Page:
With the fall of the Patriots last Sunday, Buffalo is the de facto “team to beat” in the AFC East.
Not Bill Belichick and his rings, not Rex Ryan and his Jets, but their inconspicuous rival -– Chan Gailey’s Bills. Having already knocked off the Patriots, the Bills (5-2) now have a chance to shut down the Jets (4-3) and stay atop one of the NFL’s most competitive divisions.
But if they are going to do it, they need to maintain two goals:
- Efficiency in the pass game
- Discipline versus the Jets’ running attack
Bills pass game
Bills quarterback Ryan Fitzpatrick commands a passing offense that is based on timing. They don’t like to run their receivers behind a secondary, but rather underneath in the quick game.
On the outskirts of the Jets’ defense, Fitzpatrick will find two cornerbacks who hover around 200 pounds, Darrelle Revis and Antonio Cromartie; both are strong enough, and athletic enough, to press the Bills’ top outside receivers and throw their passing game off its rhythm.
At the same time, Buffalo could counter by using various bunch formations and stacked receiver sets to force the Jets’ man corners to have to play off and communicate with one another on potential switch releases. Keep in mind, Fitzpatrick doesn’t eye any particular receiver, and not one of the receives for more than 30 percent of his targets (Stevie Johnson leads with 28 percent).
The Bills’ passing attack, as a whole, can’t be asked to shoulder the load, either. Against the Jets’ 25th-ranked run defense (126.9 yards per game), the Bills’ offense must attack this weakness in order to be efficient versus New York’s strength –- their pass D. On early downs, Fred Jackson has to gain yardage and keep Fitzpatrick in manageable situations.
The Jets’ strength is pressuring quarterbacks on third-and-long (opponents convert for first downs on less than 29 percent of their passes versus New York’s blitz), however, the Bills will make them cover by spreading them out. On third down, Buffalo runs four-wide 30 percent of the time, more than any other formation.
At the end of the day, the Jets have limited opposing quarterbacks to a league-low 60.5 quarterback rating, equaling a tough assignment for any signal-caller.
Jets run game
New York’s ground game is a two-faced attack, because it designs more outside runs for LaDainian Tomlinson and downhill blocking schemes for Shonn Greene.
We would expect the Jets to attack off-tackle against Buffalo’s front seven, because the Bills’ strength seems to be inside with Marcell Dareus; he’s been moved to nose tackle in the absence of Kyle Williams but wreaked havoc against Washington in Week 8. Moreover, the Jets’ interior offensive line has lacked push upfront when facing dominant defensive tackles (i.e. Haloti Ngata and Vince Wilfork).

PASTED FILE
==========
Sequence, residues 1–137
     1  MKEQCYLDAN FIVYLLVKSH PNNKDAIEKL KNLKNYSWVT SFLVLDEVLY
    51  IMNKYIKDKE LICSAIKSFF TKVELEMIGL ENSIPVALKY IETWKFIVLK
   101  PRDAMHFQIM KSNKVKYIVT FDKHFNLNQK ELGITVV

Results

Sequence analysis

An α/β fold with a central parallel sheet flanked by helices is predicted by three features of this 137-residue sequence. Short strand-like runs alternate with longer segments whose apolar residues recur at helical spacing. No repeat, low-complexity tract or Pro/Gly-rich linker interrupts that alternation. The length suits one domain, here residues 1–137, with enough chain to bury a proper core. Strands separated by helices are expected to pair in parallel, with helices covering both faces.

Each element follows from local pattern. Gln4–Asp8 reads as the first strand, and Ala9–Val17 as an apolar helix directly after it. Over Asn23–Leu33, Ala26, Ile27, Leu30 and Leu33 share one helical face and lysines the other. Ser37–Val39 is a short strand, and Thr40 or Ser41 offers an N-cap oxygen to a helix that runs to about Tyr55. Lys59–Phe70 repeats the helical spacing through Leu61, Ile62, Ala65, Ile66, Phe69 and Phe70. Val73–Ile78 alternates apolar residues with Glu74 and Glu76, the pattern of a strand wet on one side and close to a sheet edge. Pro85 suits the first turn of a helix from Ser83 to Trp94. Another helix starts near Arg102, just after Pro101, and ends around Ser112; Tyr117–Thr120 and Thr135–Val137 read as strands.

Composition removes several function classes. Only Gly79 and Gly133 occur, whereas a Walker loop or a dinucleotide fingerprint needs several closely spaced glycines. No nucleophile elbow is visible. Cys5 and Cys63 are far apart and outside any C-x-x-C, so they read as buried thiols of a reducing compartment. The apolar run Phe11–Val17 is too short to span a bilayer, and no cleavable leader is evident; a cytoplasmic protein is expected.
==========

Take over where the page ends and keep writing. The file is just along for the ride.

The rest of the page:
In recent weeks, you have seen the Jets get away from the run. First of all, they have been behind in games. Secondly, there seems to be an effort to run more 11 personnel (one back, one TE and three wide receivers) to put the ball into their playmakers’ hands (Santonio Holmes, Plaxico Burress and Dustin Keller). That has shrunk the amount of 21 personnel (two backs, one tight end and two receivers) the Jets play to 28 percent on first down and 22 percent of the time on second down.
But an established run game, and maybe more 21 personnel, could be key to New York’s success, and it will be interesting to see how they try to stress the Bills defensive front with Williams still out. And it’ll be just as interesting to see if Buffalo counters with the same defensive strategies that held the Redskins to 26 rushing yards last week.
On 54 defensive snaps, the Bills showed a 4-3 line 22 times, including seven alignments with Chris Kelsay representing a fifth linemen in the form of a stand-up linebacker. By loading up on the edge, they could discourage New York’s power and outside zone schemes, forcing the Jets to cater more called runs to the middle –- or daring Mark Sanchez to beat them.
With the Jets’ run defense struggling and their offense looking like a 29th-ranked unit on film, it seems from our tape study that their defense will have to score points or gift-wrap field position. You cannot depend on these scenarios in preparation.
Therefore, in our analysis of this game, we believe the Bills can accomplish two goals of efficiency and win early downs with runs of four or more yards; that will, in turn, keep them within range of their intermediate to short passing game on 2nd and 3rd downs.
And that might just keep them ahead in the East.
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